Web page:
With the first critical vote for the Senate health care bill slated for Saturday night, both advocates and opponents of Senate Majority Leader Harry Reid's bill are putting pressure on the few key Democratic senators who may or may not hold up the measure.
(AP Photo/Harry Hamburg)
On Saturday at 8 p.m., the Senate will vote on whether or not to even begin debate on the measure. Reid needs at least 60 senators to vote in favor of debate, and Republicans plan on uniformly voting against moving forward. A handful of conservative Democrats have expressed reservations about supporting the bill, for various reasons, and two have not yet disclosed whether they will vote in favor of moving the debate forward on Saturday: Sens. Blanche Lincoln (D-Ark.) and Mary Landrieu (D-La.).
However, Sen. Ben Nelson (D-Neb.), another conservative Democrat whose vote was in play, announced today he would vote in favor of beginning debate. He maintained, though, that he will vote with Republicans to filibuster the bill after debating it, if it is not altered to his liking.
"The Senate should start trying to fix a health care system that costs too much and delivers too little for Nebraskans," Nelson said in a statement. Saturday's vote, he said, "is only to begin debate and an opportunity to make improvements. If you don't like a bill why block your own opportunity to amend it?"
Nelson and his fellow centrist Democrats have been feeling the heat from all sides. Sen. John McCain (R-Ariz.) e-mailed his supporters this morning, Politico reports, urging them to call Nelson's office and ask him to vote against the health care debate tomorrow. Meanwhile, the Republican National Committee sent out an e-mail with the subject "Your Call Can Make the Difference," also urging people to call Nelson and Lincoln and ask them to vote against Saturday's motion.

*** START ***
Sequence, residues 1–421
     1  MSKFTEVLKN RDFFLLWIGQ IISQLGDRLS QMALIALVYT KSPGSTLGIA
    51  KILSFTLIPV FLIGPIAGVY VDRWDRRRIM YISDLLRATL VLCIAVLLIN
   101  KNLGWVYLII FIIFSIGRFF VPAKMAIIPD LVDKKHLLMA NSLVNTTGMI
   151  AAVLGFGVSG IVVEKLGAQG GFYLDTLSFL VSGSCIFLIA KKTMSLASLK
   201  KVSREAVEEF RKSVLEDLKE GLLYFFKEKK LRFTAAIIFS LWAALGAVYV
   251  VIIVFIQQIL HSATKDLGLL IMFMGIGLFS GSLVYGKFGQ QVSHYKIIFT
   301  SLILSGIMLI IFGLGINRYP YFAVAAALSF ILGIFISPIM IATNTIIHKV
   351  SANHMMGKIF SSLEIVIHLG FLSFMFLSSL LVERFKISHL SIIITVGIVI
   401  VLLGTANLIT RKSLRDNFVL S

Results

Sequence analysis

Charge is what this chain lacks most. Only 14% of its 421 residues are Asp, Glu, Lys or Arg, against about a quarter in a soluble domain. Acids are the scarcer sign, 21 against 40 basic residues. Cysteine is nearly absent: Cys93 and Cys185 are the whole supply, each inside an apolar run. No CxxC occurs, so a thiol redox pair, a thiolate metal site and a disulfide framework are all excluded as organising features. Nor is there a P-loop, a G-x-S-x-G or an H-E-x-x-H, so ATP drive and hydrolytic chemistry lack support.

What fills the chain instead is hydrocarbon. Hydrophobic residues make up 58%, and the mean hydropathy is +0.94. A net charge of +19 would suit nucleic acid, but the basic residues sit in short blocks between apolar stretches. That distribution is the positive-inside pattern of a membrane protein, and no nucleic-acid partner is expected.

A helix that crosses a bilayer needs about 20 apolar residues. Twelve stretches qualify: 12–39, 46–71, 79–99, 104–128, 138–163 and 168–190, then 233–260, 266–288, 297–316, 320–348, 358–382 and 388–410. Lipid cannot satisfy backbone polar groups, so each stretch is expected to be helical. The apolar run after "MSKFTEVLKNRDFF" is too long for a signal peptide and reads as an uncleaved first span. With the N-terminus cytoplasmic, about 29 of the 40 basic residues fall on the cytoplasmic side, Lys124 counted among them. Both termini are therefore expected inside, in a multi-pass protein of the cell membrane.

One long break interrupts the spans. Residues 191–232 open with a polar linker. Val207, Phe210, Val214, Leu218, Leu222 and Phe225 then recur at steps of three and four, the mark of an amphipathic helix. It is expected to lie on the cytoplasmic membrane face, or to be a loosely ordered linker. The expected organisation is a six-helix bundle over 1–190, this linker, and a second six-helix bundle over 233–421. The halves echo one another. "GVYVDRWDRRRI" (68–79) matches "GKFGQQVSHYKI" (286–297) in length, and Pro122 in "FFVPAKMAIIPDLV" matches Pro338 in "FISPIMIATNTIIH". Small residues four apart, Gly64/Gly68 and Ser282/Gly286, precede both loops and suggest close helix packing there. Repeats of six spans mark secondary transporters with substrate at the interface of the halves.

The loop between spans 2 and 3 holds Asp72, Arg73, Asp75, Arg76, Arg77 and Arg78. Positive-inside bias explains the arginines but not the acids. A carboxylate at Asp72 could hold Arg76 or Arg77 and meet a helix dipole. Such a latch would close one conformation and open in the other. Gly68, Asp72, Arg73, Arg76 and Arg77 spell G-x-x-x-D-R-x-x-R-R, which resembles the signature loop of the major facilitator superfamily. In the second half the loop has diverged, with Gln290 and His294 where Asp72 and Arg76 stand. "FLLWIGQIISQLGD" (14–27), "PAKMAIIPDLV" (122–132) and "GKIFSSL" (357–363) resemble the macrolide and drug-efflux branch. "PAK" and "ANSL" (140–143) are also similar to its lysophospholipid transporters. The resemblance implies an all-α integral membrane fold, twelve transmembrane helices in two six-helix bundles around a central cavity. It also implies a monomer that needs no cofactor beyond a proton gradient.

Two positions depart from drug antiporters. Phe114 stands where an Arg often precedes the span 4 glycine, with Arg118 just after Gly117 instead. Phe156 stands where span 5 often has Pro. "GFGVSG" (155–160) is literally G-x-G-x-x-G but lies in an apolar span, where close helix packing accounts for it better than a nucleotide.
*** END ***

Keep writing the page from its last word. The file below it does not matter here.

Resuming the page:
"Two Democrat Senators - Ben Nelson (D-NE) and Blanche Lincoln (D-AR) - are critically important to defeating Saturday's vote," the e-mail says.
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Meanwhile, the Democratic National Committee is also sending out an e-mail, asking supporters to call Reid's office to say, "Thank you for introducing a strong bill that helps all Americans."
Progressive groups that were earlier putting pressure on Reid to include a government-run health insurance plan, or "public option," in his health care bill are also thanking him now for doing so. The Progressive Change Campaign Committee (PCCC) last month ran an ad in Las Vegas called "Is Harry Reid Strong Enough?" that featured a local nurse named Lee Slaughter.
PCC is now releasing a robocall in which Slaughter says Reid "shocked the political
world by being so bold on this issue" of the public option. "If you want to join me in thanking Senator Reid, and letting him know that we'll stand with him as long as he keeps fighting for a public option, please press one on your keypad." Listeners are then given the opportunity to thank Reid and join PCCC's ongoing public option campaign.
Reid has certainly engaged in a great deal of horsetrading to try to secure 60 votes for his bill. He has, for instance, worked to modify the bill to please moderate Sen. Mary Landrieu (D-La.) by providing the state of Louisiana with between $100 million and $300 million in Medicaid financing for 2011. Coincidentally, the Times-Picayune reports, will host a fundraiser in New Orleans next month for Reid.
Liberal groups are also pressuring certain senators to keep the public option in the bill, presuming debate on the bill ever gets started. Some moderates may try to amend the bill during debate and replace the public option with a so-called "trigger" plan, which would enact a public option after a certain number of years if the private industry failed to meet certain standards. MoveOn.org is challenging this idea with a new ad in Lincoln's state of Arkansas and in Maine, home of Republican Sen. Olympia Snowe, who initially proposed the trigger idea.